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Top 15 Wrestlers Who Were MUCH Better Off In WCW

In the late 1980s, Ted Turner took over the National Wrestling Alliance/Jim Crockett Promotions territory and re-dubbed it World Championship Wrestling. WCW would become a global brand that would comp

In the late 1980s, Ted Turner took over the National Wrestling Alliance/Jim Crockett Promotions territory and re-dubbed it World Championship Wrestling. WCW would become a global brand that would compete with the WWE as the top dog in the professional wrestling business and it made the 1990s must-see TV.

At one point in the late 90s, WCW was dominating in the ratings thanks to more interesting personalities, more engaging storylines and faster paced wrestling. It wasn’t until the WWE's Attitude Era that the company started to gain more traction to reclaim the title. Eventually, WCW was acquired by WWE and many of the WCW talent came over to the WWE as a result.

Before that, though, there were plenty of wrestlers that bounced back and forth between the two massive promotions and some wrestlers were better off in the WCW, whether it be in the 1990s or after the merger (in that they shouldn't have moved over to the WWE). Which ones would have had more significant careers if they stayed in WCW during their heyday, received better treatment from WCW instead of WWE or were fumbled after the merger? Here are 15 of those wrestlers that wish their WCW careers lasted longer.

15 Kevin Nash

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Kevin Nash started out in WCW back in 1990, but couldn't find much success until he went into the WWE to be in a team with his pal Shawn Michaels. Nash would find success in the WWE, winning the Tag Team Championship and Intercontinental Championship after just a little more than a year. Nash would add a WWE Championship reign that lasted nearly a year, but he left on a bad note thanks to The Kliq's infamous "Curtain Call." Somehow, Nash would find even more success in his return to WCW as he won the World Heavyweight Championship five times and nine Tag Team Championships. Nash's career was accomplished in both companies, but his run in WCW was more memorable and netted him a better contract.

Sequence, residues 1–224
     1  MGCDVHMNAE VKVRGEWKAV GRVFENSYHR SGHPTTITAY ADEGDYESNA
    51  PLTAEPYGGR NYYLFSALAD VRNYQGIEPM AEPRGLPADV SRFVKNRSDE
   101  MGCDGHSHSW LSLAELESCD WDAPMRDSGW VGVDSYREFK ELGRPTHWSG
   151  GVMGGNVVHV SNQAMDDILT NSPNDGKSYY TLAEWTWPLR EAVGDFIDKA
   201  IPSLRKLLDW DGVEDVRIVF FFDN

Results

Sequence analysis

14 Buff Bagwell

via mindofcarnage.com

Buff Bagwell didn’t have to wait too long after his wrestling training to be acquired by WCW in 1991 and over his first five years there, he won four World Tag Team Championships. Bagwell was a fan favorite that would go on to win yet another tag title, and was involved in some of the biggest storylines in the company during his decade long run. After WWE purchased WCW, he was offered a contract buyout to sign with WWE. After requesting time off (depending on who you believe), Bagwell was released from his contract just a short while after making his debut.

13 Dean Malenko

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He wasn’t very big, but "The Man of 1,000 Holds” had an intimidating presence about him that resonated well with wrestling fans. Dean Malenko made his debut in WCW back in 1995 and his time there included a memorable feud with Chris Jericho and a run as part of the new Four Horsemen stable. Malenko won the Cruiserweight Championship four times, while also adding United States Championship and Tag Team Championship reigns, as well. Malenko went to WWE shortly before WCW was acquired and was part of The Radicalz in his debut. After Chris Benoit broke away, Malenko didn’t get much of a push, and was relegated to being just a two-time Light Heavyweight Champion.

12 Terry Taylor

via mikemooneyham.com

Even if Terry Taylor’s WCW career wasn’t all that great, and even if he is now a trainer for NXT, nobody should ever be subjected to the gimmick that Taylor went through with WWE. In 1988, Taylor made his debut with the WWE and was quickly re-cast as...The Red Rooster. Taylor’s gimmick was one of the worst in the company’s history and he left for WCW in 1990. Taylor went between the two companies, but at least while in WCW, he won a United States Tag Team Championship and a World Six-Man Tag Team Championship and he didn’t have to be The Red Rooster.

11 Raven

via eyesonthering.com

Raven started out his career in 1992 with WCW, but under the ridiculous gimmick of Scotty Flamingo, a surfer from Florida. After a year, he was in the WWE, but left after a short time to land in ECW. It was there that Raven established his character as a slick talking psychological heel that returned to WCW to establish The Flock. Raven remained with WCW until 1999, when he was the only one that took the offer to be released from his contract, returning to ECW and then going to WWE again. While his most popular days were in ECW, the most exposure that he received was in WCW, even if he didn’t like being there that much.

10 Booker T

via smacktalks.org

Booker T is likely happy now with his role in WWE as an analyst and he had a pretty solid career there as a wrestler, but it was nothing compared to his prime years in WCW. Booker T was a United States Champion, four time World Heavyweight Champion, six time World Television Champion and 10 time World Tag Team Champion while in WCW. He still won titles in WWE, but he only held the World Heavyweight Championship once. Booker T’s most memorable roles in WWE, though, were being part of suggested racism from Triple H and getting hit with groceries by Stone Cold Steve Austin.

9 Scott Steiner

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Scott Steiner is perhaps the most entertaining wrestler to hear with a microphone, if only for the fact that he makes absolutely no sense when he talks and constantly stumbles over his words. Despite that, Steiner was a legitimate threat in WCW and was over with the crowd during the late 1990s. Steiner had main event feuds and won the World Heavyweight Championship, along with a pair of United States and Television Championships. Steiner went to the WWE in 2002 after nearly a decade away from the company and only had one memorable feud (with Triple H) in which he couldn’t win a title off of the younger superstar.